Thirdmill Study Bible

Notes on Luke 20:1-21:4

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Jesus Defends His Authority at the Temple – 20:1–21:4

Jesus' provocative action and prophetic teaching get a reaction from the temple authorities. But, Jesus sticks to the prophetic theme and asks them about John the Baptist.

Luke 20:1

one day. Jesus was constantly preaching and teaching during this last week of his life (v. 19:47). It was a means of shepherding the people in contrast to the false shepherds who rejected his message (11:46, 52). chief priests . . . scribes . . . elders. This group describes the Sanhedrin council of Israel. The Sanhedrin was the representative leadership of Israel. It was a group of 71 Jewish men, who served as ruling elders of the nation and as a buffer between ancient Israel and the Roman government. It included men from the scribes, the Sadducees, and the Pharisees, and it was presided over by the current high priest. came to him. This was a smaller delegation from the Sanhedrin rather than the full group.

Luke 20:2

The point of the question was to trap Jesus. The group (v. 1) wanted him to say something that would either discredit him in the eyes of the people or give them a charge to bring against him. authority. Jesus' authority should have been obvious from his teaching (4:32) and his identity as the Son of Man (5:24), the Son of David (18:38-39), and Israel's King (19:12, 15, 38). Luke's readers also saw his authority because he was the Son of the Most High (1:32, 35), the promised Christ (2:11, 26), and the Holy One of God (4:34). these things. Entering Jerusalem to messianic praise (19:35-40), cleansing the temple (19:45-46), and teaching (19:47-48).

Luke 20:3-4

Jesus responded to the leaders' question with a question of his own. baptism of John. See notes on 7:24-48. John came into the world with a promised, supernatural birth (1:11-13). Moreover, he was set apart by God from birth to prepare for the Christ (1:14-17). He preached repentance and commanded baptism for forgiveness of sins (3:1-6). It was obvious his baptism was from God. However, the religious leaders did not accept John's ministry (7:30).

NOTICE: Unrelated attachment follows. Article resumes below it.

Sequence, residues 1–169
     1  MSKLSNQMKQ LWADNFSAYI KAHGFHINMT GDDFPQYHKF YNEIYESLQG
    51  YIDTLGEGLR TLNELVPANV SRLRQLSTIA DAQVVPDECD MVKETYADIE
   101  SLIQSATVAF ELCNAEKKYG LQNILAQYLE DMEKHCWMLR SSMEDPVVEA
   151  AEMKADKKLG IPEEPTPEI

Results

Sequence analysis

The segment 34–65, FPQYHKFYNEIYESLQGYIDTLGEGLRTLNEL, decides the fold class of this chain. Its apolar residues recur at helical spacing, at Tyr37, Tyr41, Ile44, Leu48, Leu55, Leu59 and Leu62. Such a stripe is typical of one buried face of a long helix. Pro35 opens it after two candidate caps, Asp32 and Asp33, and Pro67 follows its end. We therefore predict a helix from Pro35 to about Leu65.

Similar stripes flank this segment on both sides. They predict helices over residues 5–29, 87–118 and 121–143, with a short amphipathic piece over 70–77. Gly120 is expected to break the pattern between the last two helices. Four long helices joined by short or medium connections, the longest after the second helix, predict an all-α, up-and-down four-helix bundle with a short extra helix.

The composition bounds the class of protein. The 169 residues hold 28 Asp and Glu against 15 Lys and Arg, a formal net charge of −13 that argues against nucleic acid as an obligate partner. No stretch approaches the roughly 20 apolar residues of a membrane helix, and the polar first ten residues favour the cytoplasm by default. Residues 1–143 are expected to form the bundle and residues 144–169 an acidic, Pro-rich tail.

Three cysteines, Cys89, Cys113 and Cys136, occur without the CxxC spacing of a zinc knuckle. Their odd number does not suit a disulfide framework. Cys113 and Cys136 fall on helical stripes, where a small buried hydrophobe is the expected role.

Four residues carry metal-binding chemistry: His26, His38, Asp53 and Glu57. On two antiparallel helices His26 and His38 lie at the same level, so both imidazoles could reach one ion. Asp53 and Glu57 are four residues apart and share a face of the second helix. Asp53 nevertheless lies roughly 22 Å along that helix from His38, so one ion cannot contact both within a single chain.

Luke 20:5-6

Jesus turned the leaders' trap back on them. By affirming John's baptism was from heaven, they appear foolish or sinful for not believing him. If they deny John was from God, they will be rejected by the people and stoned for false witness against God's prophet (see Deut. 13:1-11).

Luke 20:7

Their claim of ignorance was driven by hypocrisy. Ironically, it shows their wisdom is merely human (v. 4) and cannot see what God is doing in the world (12:56).

Luke 20:8

If the group could not discern the origin of John's baptism, they had no basis to question Jesus' authority in ministry. They refuse to see what is before them (22:67–68).

Luke 20:9

parable. See note on 8:4. man planted a vineyard. Two historical details lie in the background to this parable. First, it was common for wealthy men to buy fields, establish vineyards in them, and hire servants to tend them until the harvest time. More importantly, the vineyard imagery represented Israel in the Old Testament (Ps. 80:8-13; Isa. 5:1-2; 27:2-3; Jer. 2:21; Hos. 10:1). vine growers. People hired to tend the vineyard so it will yield fruit. God called Israel to himself, established them in the Promised Land, gave them a Law, and set over them priests and elders to care for them.

Luke 20:10-12

Those entrusted with the vineyard acted wicked towards the owner. They refused to give him the profits of his vineyard and mistreated his servants. In the parable, the servants represent God's prophets (see Amos 3:7; Zech. 1:4-6). God sent prophets to draw out fruit from the vineyard (Isa. 5:1-2). But the people mistreated them and refused to believed (Jer. 7:25-26).

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